More than 1,100 patients have suffered from serious and wholly avoidable clinical errors in England's hospitals over the past four years, according to analysis by the Press Association, but is this the full story?
The so-called ‘never events,’ which the NHS define as “serious, largely preventable patient safety incidents that should not occur if the available preventative measures had been implemented,” have included a woman having her fallopian tubes removed instead of her appendix.
The Press Association revealed that more than 400 patients suffered what is known as ‘wrong site surgery’ (WSS), which encompasses all surgical procedures performed on the wrong side or site of the body, wrong body part, and even surgery performed on the wrong patient.
In addition, more than 420 patients had ‘foreign objects’ accidentally left inside their bodies post-surgery. Foreign objects include any items that should be subject to a formal counting or checking process both before and during surgery. They include swabs, gauzes and needles as well as equipment such as scalpel blades and drill guides.
Some patients suffered potentially fatal clinical errors such as having feeding tubes mistakenly put inside their lung instead of being correctly fed into their stomach. Others were given the wrong type of implant, blood type or joint replacement, and some were even mixed up with other patients.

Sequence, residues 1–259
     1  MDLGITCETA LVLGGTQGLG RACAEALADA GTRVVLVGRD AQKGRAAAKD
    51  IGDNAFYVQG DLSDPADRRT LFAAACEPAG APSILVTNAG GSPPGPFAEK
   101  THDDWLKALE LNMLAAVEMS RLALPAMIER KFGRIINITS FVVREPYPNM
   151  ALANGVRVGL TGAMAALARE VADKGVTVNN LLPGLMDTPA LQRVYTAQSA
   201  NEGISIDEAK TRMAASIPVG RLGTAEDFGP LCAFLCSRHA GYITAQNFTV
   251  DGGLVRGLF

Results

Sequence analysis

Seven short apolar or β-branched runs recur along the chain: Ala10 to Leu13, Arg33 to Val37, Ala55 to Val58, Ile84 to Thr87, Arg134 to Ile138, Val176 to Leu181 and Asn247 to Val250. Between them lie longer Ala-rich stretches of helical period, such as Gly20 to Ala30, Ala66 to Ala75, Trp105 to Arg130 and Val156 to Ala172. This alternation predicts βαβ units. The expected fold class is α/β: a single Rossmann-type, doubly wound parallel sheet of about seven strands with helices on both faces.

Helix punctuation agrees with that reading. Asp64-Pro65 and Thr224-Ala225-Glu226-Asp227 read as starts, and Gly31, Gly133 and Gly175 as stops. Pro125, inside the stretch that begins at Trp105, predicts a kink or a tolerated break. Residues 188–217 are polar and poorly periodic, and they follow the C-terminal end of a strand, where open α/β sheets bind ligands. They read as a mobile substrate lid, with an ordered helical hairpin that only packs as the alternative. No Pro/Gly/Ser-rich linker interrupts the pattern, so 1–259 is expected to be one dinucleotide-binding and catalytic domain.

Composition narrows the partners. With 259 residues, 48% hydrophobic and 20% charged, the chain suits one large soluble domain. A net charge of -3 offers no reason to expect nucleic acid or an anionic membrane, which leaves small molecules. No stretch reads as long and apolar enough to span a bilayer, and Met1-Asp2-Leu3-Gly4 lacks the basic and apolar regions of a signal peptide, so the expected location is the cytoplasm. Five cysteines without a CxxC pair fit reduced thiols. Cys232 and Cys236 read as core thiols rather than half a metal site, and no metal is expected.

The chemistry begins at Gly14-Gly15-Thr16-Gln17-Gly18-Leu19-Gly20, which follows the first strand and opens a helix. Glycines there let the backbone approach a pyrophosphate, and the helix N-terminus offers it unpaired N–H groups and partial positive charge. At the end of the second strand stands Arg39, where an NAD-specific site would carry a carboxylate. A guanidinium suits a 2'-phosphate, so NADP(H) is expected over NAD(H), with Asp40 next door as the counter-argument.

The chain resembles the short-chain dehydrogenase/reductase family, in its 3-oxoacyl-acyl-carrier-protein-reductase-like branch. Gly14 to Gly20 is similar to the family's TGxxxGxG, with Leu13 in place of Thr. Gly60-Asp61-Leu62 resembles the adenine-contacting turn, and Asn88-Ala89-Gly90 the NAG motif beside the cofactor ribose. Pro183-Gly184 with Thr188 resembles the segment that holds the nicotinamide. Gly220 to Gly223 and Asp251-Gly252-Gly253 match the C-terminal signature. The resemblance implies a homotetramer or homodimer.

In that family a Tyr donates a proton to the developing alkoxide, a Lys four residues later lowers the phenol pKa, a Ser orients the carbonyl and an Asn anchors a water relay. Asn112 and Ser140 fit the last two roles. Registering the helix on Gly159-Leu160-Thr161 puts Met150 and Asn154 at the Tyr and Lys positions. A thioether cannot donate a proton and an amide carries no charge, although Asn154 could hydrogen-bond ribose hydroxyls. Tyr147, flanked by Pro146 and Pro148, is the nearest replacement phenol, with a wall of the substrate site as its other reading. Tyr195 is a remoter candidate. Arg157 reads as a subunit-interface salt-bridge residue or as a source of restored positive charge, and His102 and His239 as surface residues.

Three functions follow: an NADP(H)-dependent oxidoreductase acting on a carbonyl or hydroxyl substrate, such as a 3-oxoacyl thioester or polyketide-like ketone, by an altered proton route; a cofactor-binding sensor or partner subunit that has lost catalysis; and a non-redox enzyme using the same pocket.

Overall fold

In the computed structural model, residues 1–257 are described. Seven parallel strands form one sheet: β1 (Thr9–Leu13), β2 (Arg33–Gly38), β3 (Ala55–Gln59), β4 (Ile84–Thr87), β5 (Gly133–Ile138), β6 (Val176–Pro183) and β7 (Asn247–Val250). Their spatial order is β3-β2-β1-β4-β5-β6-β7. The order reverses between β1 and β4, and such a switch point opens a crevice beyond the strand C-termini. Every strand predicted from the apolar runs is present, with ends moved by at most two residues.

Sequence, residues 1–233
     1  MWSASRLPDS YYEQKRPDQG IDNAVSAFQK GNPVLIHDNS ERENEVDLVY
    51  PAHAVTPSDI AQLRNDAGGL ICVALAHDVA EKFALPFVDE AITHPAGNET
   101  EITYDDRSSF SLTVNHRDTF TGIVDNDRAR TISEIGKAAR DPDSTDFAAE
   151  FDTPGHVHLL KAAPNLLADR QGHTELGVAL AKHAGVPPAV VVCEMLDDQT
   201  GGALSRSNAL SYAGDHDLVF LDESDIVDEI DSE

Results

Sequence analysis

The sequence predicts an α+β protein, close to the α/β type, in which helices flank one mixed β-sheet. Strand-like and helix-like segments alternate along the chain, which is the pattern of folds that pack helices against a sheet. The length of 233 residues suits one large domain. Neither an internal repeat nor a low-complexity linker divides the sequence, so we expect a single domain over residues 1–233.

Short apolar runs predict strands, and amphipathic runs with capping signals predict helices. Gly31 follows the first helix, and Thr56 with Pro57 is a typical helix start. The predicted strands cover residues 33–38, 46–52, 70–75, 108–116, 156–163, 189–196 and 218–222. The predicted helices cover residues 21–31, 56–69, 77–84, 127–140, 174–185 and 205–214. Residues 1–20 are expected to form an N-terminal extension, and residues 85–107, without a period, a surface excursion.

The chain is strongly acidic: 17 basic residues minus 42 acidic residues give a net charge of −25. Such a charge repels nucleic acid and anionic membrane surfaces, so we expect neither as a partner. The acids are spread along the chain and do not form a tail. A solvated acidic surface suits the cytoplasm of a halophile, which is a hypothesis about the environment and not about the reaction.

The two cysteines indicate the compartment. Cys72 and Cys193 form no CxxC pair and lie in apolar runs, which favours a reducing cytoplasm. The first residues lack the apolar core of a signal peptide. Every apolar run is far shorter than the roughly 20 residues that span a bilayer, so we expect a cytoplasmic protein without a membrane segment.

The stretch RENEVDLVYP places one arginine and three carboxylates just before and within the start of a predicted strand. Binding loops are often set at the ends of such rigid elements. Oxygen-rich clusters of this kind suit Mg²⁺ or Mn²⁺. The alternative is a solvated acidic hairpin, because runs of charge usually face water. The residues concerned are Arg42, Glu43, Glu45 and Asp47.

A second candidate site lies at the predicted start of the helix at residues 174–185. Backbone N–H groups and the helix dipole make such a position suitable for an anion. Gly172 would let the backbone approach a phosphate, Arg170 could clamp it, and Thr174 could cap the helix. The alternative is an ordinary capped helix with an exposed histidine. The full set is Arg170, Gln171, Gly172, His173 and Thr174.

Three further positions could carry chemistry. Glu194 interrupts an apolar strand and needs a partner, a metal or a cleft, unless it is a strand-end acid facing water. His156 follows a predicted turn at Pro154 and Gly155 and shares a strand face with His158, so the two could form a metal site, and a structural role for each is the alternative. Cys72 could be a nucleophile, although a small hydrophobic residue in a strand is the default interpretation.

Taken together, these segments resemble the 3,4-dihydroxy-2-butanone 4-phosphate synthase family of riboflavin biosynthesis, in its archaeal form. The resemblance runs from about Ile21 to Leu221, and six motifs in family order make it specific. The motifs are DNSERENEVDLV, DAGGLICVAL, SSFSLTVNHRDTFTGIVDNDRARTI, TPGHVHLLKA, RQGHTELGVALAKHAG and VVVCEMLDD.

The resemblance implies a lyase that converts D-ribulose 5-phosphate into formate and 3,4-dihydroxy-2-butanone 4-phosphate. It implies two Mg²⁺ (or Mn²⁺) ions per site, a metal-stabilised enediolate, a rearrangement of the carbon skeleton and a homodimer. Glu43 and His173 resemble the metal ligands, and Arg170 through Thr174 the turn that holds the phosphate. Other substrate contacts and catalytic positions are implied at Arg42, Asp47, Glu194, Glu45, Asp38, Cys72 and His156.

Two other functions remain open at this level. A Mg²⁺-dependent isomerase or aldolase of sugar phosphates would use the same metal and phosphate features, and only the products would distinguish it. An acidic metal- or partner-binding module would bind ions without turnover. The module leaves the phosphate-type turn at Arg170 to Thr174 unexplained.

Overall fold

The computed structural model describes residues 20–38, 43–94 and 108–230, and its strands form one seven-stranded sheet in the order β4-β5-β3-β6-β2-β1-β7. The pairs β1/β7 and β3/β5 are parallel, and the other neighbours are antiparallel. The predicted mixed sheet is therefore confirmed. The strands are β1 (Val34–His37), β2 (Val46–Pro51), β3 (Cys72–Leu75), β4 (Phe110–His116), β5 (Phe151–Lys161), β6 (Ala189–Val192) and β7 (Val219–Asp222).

According to data published by NHS England, between April and the end of December 2015, there were 254 never events. From April 2014 to March 2015, there were 306 never events, while 338 occurred between April 2013 and March 2014. Between April 2012 and March 2013 there were 290 recorded.
Everyone agrees that never events should simply never occur, but is there a bigger story behind the headlines? Are never events correctly recorded and reported by all Trusts or just by those who are more transparent than others and those who fulfil their obligations under the Duty of Candour?
If a Trust is working under a financial deficit would they report all never events knowing that if they do so they will be financially penalised? What progress has or has not been made by the NHS to learn from never events so as to ensure that they do not happen again? Is the current system of reporting adding or hindering learning on patient safety issues?
The number of basic avoidable mistakes obviously raises serious concerns about NHS care standards and patient safety. Never events are potentially life-changing errors which should always be avoided through proper training and monitoring as well as the use of well-established safety measures. But what is the NHS actually doing about them to ensure that patient safety is improved and will we just be reading similar headlines in 12 months’ time?
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